And what they’ve seen is that earned wage access is popular by its own lights — and a significant starting point from which they have been able to insert other value because of the level of engagement they’ve see the app attract. Though employees only use the app to withdraw wages two or three times a month, they visit the app about 28 times a month.

“There is something in the platform which excites and captivates the individual that he keeps coming to that app again and again,” Agrawal said, noting the engagement and the number of eyeballs the platform was attracting made it obviously quite a good place to continue adding features and functionality that would also appeal to the consumer. So from earned wage access, he said, they went on to add prepaid card top-offs, data packets for sale, bill pay and digital wallet integration to the platform to make it more robustly applicable for users.

“This is how the product is expanded into a platform. Financial education is another element we are looking at because it’s a need of the market,” he said.

What’s Next 

Though most firms’ early thoughts run to taking on the world, and both of GajiGesa’s founders have wide experience in the global FinTech market, as of now they aren’t thinking about global expansion — despite the fact that the firm recently snapped up $2.5 million in seed funding.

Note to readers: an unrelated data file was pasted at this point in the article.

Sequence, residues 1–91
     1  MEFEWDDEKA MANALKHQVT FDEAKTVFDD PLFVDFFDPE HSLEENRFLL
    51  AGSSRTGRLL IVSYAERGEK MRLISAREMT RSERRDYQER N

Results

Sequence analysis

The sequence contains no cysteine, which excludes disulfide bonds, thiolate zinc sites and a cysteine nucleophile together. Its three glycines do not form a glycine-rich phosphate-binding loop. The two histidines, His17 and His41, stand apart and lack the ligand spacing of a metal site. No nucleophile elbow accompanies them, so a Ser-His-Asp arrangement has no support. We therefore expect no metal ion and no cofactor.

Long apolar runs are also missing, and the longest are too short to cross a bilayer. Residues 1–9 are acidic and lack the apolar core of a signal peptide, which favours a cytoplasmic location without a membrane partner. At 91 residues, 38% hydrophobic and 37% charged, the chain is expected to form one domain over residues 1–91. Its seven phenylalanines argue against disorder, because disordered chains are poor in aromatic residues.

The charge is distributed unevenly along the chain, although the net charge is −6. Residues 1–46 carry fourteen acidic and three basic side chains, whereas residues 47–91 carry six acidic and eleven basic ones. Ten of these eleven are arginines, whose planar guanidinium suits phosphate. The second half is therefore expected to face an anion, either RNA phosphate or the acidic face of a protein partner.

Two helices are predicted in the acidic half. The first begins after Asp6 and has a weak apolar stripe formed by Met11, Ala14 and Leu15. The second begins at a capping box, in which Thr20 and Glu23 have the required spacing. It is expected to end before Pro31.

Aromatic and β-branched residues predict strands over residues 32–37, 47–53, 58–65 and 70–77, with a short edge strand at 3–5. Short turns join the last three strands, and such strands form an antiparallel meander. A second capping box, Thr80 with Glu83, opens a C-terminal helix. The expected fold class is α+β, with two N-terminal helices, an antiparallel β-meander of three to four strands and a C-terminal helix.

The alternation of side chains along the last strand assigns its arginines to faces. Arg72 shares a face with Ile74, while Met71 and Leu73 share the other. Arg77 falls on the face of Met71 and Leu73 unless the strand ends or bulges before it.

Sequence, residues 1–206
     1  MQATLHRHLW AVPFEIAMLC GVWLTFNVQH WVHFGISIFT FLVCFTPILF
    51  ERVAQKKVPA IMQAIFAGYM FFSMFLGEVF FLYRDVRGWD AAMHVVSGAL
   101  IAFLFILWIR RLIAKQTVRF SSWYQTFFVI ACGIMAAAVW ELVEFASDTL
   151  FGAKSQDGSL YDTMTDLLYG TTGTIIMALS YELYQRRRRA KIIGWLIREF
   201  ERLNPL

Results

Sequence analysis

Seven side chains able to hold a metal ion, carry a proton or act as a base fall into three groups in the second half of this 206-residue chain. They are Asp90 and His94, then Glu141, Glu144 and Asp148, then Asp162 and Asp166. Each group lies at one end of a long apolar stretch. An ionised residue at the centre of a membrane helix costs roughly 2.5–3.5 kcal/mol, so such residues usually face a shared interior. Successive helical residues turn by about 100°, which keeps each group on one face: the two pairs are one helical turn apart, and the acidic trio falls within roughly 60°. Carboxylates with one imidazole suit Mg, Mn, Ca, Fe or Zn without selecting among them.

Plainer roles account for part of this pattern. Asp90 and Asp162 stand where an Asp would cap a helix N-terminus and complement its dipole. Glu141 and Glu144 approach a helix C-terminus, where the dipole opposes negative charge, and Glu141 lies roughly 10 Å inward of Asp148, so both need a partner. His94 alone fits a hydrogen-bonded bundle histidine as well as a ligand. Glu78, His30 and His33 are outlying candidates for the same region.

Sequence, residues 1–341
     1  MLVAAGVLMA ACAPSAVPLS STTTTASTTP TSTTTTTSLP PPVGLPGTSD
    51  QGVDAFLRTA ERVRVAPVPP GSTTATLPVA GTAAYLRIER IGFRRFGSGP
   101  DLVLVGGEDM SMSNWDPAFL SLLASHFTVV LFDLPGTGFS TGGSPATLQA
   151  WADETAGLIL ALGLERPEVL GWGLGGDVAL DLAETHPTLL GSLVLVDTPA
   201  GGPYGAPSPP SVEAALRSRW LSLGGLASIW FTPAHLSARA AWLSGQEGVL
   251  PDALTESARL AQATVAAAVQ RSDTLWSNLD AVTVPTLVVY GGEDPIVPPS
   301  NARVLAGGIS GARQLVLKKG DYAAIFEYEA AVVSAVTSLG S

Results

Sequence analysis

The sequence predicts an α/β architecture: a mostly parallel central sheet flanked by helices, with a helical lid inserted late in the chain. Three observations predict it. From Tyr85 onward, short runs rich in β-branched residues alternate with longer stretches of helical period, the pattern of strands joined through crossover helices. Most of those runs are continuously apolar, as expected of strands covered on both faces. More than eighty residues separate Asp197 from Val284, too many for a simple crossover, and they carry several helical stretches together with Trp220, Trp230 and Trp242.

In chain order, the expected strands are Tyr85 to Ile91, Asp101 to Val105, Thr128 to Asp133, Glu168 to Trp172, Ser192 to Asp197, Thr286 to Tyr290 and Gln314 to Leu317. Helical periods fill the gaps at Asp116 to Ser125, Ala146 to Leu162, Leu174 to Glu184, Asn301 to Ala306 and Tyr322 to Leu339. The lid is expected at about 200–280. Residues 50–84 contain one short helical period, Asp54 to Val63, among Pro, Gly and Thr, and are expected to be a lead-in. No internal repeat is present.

“Often people don’t realize how unique Southeast Asia is, and as we think about expansion, we think about how to leave Indonesia for new markets — where everything is different about them,” Agrawal said. “So for now GajiGesa is an Indonesia-only business where we want to penetrate and think about new products that can launch here, rather than thinking about new markets for now.”

Which isn’t to say they don’t want to grow — they do, they simply see a lot of opportunity for growth in their home market before they can seriously consider an idea like taking on the entire world. There is a host of untapped value to provide for the Indonesian employer and employee, he said, and the firm is just getting started in unlocking it. The goal for the next year, he said, is to aggressively and proactively reach out to as many employers as they can to get them signed on to the platform.

Because with 92 million unbanked consumers, he said, there is a lot of value GajiGesa can offer as it works in partnership with employers to help give workers more access to their money — and the rapidly expanding digital economy worldwide. And not just access, he said, but also insight on how best to leverage that access to their advantage.

“We realize that there’s so much value we can provide to Indonesian employers and employees,” Agrawal said. “And we are just starting, especially with financial education. When you think about it, especially the blue collar worker with a very limited financial understanding — because of that, he or she gets cheated time and again. We want to be the platform that provides access to wage and financial education so workers can start building some capability to more fully manage their total financial life.”